I couldn’t keep track of things anymore. They got a little too.. busy.


The car was a mess now, and it was maddening because it was just detailed a week ago. It was all shiny and new before, and it would barely pass for a demolition derby failure at the moment.


The gun was empty. I’m not really that angry, but shooting always puts me in a sort of meditative state. The range was unusually quiet for this time of day, so noone noticed when I went off into my own little world of concentration and thoughts. I looked at the target. I wasn’t a good shot when I was zoning out.

It’s a really bad idea to be unaware of your surroundings when you’re handling a firearm, but when you’re covering your ears with muffs that are specifically designed to block out 120 decibels and focusing on hitting a target 50 yards away, it’s a daunting task. I released the magazine and considered loading up again for another 17 rounds. I counted the bullets left in the box. Probably not.

I crawled into the passenger door before sliding over the gearshaft, since the driver’s side was fused shut now. As I rode across town, I wanted to make sure that I wasn’t going to get in any accidents. There was only so much a guy could take in one day.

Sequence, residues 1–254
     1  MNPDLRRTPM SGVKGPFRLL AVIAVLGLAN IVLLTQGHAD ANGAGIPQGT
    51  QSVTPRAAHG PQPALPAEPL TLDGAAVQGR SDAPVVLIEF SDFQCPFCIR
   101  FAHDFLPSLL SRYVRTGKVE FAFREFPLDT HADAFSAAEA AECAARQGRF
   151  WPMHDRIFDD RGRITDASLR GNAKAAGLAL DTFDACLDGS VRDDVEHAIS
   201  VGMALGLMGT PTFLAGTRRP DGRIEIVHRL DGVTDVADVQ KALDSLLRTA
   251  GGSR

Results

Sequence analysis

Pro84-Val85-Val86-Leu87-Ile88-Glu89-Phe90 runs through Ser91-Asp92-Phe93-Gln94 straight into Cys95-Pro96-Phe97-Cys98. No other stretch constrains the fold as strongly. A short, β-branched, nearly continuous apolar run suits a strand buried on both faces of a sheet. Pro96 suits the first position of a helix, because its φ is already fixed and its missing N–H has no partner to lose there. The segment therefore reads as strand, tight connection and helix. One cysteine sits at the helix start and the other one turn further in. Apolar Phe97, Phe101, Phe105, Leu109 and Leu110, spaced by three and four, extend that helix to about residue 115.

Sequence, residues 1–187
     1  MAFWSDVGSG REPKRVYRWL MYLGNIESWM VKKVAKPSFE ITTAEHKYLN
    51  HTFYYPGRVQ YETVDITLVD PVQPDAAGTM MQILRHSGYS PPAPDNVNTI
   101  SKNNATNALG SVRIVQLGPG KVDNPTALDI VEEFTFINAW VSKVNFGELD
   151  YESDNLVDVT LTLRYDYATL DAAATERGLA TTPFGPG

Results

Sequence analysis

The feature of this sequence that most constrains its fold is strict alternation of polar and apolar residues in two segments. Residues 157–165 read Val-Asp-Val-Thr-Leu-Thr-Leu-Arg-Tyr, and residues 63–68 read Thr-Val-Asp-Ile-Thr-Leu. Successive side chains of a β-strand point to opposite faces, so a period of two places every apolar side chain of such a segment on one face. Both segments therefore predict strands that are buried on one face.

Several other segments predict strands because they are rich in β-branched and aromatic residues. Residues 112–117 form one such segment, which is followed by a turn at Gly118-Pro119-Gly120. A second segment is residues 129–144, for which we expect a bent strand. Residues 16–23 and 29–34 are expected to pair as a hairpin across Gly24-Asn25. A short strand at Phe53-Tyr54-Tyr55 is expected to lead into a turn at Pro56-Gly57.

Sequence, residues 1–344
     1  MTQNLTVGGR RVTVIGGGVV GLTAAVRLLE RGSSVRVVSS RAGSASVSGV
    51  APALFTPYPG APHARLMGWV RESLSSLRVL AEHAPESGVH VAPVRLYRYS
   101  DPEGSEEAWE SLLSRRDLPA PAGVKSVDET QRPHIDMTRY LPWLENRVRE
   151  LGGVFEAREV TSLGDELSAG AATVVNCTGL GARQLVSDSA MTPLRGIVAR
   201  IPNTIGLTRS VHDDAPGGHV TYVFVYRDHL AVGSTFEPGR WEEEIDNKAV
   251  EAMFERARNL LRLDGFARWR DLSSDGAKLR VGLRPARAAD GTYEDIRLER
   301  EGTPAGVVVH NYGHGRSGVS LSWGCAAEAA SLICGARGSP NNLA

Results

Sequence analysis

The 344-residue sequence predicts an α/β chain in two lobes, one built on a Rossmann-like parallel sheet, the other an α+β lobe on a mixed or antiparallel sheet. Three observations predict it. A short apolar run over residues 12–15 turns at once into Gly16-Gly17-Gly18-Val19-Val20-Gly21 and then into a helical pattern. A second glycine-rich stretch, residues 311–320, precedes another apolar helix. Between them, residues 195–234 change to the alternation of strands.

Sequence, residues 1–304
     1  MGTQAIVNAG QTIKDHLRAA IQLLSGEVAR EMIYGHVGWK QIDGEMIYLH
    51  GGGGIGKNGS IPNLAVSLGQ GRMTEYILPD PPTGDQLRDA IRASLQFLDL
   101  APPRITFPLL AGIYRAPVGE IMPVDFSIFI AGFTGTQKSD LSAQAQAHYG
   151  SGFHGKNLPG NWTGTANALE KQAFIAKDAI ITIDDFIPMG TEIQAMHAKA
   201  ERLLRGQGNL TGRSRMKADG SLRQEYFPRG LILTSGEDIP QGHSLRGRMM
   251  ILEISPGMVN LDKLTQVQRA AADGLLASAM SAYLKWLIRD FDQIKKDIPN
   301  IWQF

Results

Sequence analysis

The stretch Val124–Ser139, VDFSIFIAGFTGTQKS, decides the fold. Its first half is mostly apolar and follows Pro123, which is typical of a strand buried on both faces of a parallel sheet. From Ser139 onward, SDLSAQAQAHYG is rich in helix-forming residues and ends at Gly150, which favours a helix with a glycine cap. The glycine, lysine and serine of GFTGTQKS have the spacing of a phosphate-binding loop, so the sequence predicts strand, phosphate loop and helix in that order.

The full moon was out, which meant that there were more critters out than usual. Bunnies and squirrels scampered across the road at a red light. Too many bunnies in the neighborhood.

Someone was tapping on the window. I looked out and down the barrel of a shotgun.

“Freeze, just get out of the car,” the masked man said, “I just need a ride away from here.”

I rolled down the window.

“Buddy, you picked the wrong car.”